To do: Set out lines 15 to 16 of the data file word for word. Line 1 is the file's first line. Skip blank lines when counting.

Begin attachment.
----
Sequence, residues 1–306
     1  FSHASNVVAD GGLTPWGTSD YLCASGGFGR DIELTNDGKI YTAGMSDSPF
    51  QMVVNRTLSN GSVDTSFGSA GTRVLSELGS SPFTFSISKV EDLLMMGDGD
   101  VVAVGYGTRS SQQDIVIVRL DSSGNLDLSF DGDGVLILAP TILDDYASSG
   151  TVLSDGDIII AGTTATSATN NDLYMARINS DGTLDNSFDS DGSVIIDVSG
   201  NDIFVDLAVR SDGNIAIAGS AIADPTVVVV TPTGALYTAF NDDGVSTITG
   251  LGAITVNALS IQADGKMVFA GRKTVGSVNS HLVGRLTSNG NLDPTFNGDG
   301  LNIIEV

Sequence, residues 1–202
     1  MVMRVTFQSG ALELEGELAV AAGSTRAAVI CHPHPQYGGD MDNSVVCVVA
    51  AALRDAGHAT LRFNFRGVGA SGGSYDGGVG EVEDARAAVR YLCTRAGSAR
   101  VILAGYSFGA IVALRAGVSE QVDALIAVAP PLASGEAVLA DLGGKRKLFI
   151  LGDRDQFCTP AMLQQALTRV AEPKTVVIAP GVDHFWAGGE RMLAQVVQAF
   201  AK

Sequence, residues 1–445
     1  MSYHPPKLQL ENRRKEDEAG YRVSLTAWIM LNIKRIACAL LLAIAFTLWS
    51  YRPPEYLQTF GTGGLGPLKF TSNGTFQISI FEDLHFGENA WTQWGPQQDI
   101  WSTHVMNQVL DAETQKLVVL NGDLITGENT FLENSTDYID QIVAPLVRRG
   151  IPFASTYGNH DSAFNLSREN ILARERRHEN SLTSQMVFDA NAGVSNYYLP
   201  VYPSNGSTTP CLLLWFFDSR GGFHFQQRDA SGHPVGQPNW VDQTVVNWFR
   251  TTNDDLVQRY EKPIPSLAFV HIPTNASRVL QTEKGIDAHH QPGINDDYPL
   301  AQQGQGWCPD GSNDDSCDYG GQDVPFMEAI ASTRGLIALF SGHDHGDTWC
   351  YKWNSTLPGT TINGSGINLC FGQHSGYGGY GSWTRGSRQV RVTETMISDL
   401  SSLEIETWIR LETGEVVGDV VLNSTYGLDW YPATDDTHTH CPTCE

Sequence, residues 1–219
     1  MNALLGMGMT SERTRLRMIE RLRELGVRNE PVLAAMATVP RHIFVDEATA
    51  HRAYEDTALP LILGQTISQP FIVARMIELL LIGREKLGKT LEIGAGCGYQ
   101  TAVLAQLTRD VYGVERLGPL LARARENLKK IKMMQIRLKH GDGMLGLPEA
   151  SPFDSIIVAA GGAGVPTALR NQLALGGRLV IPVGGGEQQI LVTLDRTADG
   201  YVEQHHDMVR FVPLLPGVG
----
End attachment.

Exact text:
Sequence, residues 1–445
     1  MSYHPPKLQL ENRRKEDEAG YRVSLTAWIM LNIKRIACAL LLAIAFTLWS